Sunday, September 27, 2009

Dramarama E. Lockhart

Dramarama by E Lockhart Sarah hates her boring, razzle -dazzle (her words) free life in Brenton Ohio. The only time Sarah feels any excitement is at tap and jazz lessons at Miss Delilah's school of dance. With an older father and deaf mother, Sarah's home life is too quiet. At school she simply blends in. When Sarah meets Douglas (Demi) at an audition for a summer theater program she finds what she was looking for. Demi is new at Sarah's high school. Like Sarah, he keeps a low profile. Beaten up at his last school Demi has perfected his straight boy drag. When Sarah and Demi meet its an instant connection. Demi quickly renames Sarah, Sadye. Sadye is everything Sarah isn't, embracing her height and big nose.
The two make it into the Wildewood summer program. Both are excited to be getting out of Brenton, believing this is their chance to shine. Wildewood is filled with many stars, including Demi. Each summer six shows are put on. Demi is cast in a lead roll. At Wildewood he is free to be himself and fall in love. Sadye experiences isn't as good. She is cast as a tree and a boy. The different levels of success and Demi's new boyfriend will test Sadye's and Demi's friendship.

Going in I didn't expect Sadye not to be one of the talented ones. The name Sadye screams star not tree. That's one of the things I love about this novel. Sadye loves everything about theatre but sometimes we are not good at the things we love. Sadye must watch as all of her friends get cast as major parts. Sadye must come to terms with her roll at Wildewood.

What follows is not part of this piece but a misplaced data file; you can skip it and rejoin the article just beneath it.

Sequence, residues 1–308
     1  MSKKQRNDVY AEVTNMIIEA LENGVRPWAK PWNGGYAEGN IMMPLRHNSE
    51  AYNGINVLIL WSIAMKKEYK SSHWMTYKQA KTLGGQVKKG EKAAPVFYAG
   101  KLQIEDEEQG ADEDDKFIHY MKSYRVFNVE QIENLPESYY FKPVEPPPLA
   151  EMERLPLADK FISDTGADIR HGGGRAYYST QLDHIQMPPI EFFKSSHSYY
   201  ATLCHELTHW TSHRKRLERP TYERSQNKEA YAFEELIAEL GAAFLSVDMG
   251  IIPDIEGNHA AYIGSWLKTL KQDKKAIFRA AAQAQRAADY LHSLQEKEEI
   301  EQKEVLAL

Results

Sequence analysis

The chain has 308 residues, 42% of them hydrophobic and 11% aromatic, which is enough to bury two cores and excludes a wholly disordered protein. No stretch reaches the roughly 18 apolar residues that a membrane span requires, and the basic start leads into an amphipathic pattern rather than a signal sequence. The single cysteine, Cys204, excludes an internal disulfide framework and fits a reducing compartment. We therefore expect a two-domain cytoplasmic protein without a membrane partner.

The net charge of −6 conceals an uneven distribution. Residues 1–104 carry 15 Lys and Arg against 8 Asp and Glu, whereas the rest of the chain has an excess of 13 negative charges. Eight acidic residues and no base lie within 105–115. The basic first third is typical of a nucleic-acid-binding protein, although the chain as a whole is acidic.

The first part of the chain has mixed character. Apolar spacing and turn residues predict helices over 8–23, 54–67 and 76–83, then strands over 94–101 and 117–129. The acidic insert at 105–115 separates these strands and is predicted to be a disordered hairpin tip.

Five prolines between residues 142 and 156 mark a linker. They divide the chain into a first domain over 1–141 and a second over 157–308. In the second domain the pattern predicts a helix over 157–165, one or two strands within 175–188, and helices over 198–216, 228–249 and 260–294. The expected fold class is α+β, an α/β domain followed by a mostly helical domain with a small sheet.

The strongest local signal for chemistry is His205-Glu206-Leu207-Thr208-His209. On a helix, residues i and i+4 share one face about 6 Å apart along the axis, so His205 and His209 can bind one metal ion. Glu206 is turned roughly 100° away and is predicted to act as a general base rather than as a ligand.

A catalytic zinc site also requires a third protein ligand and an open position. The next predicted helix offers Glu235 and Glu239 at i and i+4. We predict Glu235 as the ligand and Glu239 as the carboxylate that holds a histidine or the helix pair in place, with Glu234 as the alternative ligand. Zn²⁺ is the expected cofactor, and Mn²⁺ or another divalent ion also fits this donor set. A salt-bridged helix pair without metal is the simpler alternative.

I loved Demi, Lockhart made me a quick believer in this Black gay teen. She had me at Topdog/Underdog that 's the play Demi uses for his audition. I believe Lockhart didn't try to over think Demi and in doing so created a wonderful character many refuse to acknowledge. Lockhart didn't make race a primary factor nor did she ignore it. For her part Sadye didn't want to talk about it, thinking it was the only thing that separated them. Demi doesn't like that Sadye won't to acknowledge that he is Black. The two times Sadye and Demi talk about race, Sadye quickly changed the topic. Lockhart gives us a glimpse of Demi's homelife. He is an only child with cold parents who he can't be himself with. When Sadye and Demi became inseparable at the audition, Sadye wasn't the only one who felt saved.

This is the fourth book I've read by Lockhart. I really enjoy her writing style. Again she succeeds in creating very realistic characters and a great story line. Though Sadye and Demi are the primaries, Lockhart gives the spotlight to others. I highly recommend this, especially for theatre fans. Dramarama is filled wonderful talk of Broadway shows, impromptu dancing and singing. Ages 12up

3 comments:

MissAttitude said...

I need to start reading lockhart's books! I've heard they are very good from various other bloggers. I think I'll start with Dramarama =)

Jodie said...

I have to read this I think, sure I've heard about it a bunch of times but it hasn't stuck before. Your description makes it sound exactly like my sort of thing.

Doret said...

Ari and Jodie Lockhart's books are really good. This is a great one to start with and I really enjoy The Boyfriend List Series.